When you are creating your own targets, and tasks, they may generate temporary files that need to be cleaned. This is especailly true if you are using third party tools, because alot of times they create a cache directory or give files names that are not agreeable to the developer. When youre MSBuild targets create these files, you may think that if you place the files in the OutputPath then they will be cleaned whenever the Clean is invoked, but this assumption is wrong. Visual Studio actually uses a file that keeps track of what files it generates and only deletes those files. You can have a look at this file its named ProjectName.ProjectType.FileList.txt, For instance the file may be named DataAccess.csproj.FileList.txt. A sample of what this file contains is:
Pretty simple, one line for each file this file is written using the WriteLinesToFile MSBuild task. When the Clean is invoked then this file is read and each of these files are deleted. You could add lines to this file in an attempt to have MSBuild clean them, but this is tricky and you have no control over what happens during the clean. A better way is to create a custom target and inject that into the Clean process. This gives you much more flexibility and is more robust. So let's take a look at how we can do this.
This sample is from a targets file I wrote to invoke xsd.exe against xsd files in certain directories. I might use the rest of that file for later blogs. Here is the relevant portion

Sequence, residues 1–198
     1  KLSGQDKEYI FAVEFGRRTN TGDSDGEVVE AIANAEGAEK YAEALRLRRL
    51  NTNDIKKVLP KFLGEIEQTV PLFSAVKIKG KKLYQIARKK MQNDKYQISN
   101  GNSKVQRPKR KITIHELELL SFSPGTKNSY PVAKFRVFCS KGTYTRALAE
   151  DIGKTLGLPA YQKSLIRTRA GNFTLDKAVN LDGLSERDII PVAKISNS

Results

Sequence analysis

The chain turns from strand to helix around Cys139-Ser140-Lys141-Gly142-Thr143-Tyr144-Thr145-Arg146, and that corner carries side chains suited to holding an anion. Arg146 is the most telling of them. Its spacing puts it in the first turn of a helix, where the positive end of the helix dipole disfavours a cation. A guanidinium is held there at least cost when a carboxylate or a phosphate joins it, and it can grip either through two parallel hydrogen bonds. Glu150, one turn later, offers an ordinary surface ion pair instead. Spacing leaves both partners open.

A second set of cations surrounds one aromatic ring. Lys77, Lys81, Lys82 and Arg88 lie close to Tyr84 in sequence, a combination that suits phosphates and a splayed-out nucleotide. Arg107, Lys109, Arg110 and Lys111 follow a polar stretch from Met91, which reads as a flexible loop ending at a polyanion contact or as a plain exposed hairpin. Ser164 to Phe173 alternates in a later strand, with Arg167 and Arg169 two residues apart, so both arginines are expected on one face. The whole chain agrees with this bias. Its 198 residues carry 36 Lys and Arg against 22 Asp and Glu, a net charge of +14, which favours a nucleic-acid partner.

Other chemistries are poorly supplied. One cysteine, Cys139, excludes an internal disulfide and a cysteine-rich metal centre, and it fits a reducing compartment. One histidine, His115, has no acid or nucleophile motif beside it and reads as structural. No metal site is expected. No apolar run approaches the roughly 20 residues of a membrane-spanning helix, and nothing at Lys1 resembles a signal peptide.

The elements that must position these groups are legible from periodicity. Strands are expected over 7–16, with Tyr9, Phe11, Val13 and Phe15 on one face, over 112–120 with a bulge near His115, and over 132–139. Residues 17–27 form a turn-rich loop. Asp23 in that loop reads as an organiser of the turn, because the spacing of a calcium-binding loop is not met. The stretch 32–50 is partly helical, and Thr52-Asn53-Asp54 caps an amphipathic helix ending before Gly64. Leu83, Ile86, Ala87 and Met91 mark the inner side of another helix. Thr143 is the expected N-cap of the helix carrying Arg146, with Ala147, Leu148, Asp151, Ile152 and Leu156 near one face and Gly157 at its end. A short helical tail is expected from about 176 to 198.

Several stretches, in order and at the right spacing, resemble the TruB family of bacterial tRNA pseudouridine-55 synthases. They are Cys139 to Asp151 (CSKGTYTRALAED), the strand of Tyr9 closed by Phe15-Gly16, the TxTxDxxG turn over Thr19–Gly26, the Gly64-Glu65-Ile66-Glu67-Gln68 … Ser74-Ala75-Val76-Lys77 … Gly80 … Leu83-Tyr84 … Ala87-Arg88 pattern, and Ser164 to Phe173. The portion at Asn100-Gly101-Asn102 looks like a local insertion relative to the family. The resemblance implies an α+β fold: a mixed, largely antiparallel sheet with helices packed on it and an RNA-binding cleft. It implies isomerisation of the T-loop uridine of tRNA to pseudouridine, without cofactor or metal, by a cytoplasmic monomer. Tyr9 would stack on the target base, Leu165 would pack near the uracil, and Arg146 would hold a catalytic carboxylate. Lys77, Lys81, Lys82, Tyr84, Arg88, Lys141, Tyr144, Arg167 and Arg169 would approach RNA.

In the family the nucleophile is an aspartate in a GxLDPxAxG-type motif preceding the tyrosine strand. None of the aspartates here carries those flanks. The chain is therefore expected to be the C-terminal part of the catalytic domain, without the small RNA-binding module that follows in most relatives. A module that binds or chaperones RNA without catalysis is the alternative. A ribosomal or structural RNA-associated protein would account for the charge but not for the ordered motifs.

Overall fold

This target will be called whenever the Clean target is invoked.
This target uses dynamically created items using CreateItems instead of normaal Items,
in the case that both the xsd generation targets and the Clean target were invoked sequentially.
For instance: msbuild.exe /t:GenerateAllBindings;Clean
In this case the normal items may not be accurate but dynamic ones should be.
<Output TaskParameter="Include" ItemName="TempClassFiles"/>
<Output TaskParameter="Include" ItemName="TempDSFiles"/>
<Output TaskParameter="Include" ItemName="OtherFiles"/>
<!--Remove the directories-->
Pay close attention to the declaration of the CleanDependsOn, this will get the current value of it with $(CleanDependsOn) and append the custom target CleanXsd to the end of it. What's great about doing this is that if you have many different indpendent targets that each need to have items cleaned then they will not affect each other, they will all have have their targets appended to the lits of targets to be executed when a Clean is invoked. If you simply created the AfterClean target in many different targets files then only the last one defined would actually be executed. Also have a look at how the target exclusively uses CreateItem as opposed to items declared in the normal means. Items and Properties are evaluated at the begining of the build. So if I create the Item declaration:
Then if I created Xsd files and cleaned in the same MSBuild instance then I would miss some files. Since it only uses CreateItem for the items then all files will be picked up, no matter when they were created.
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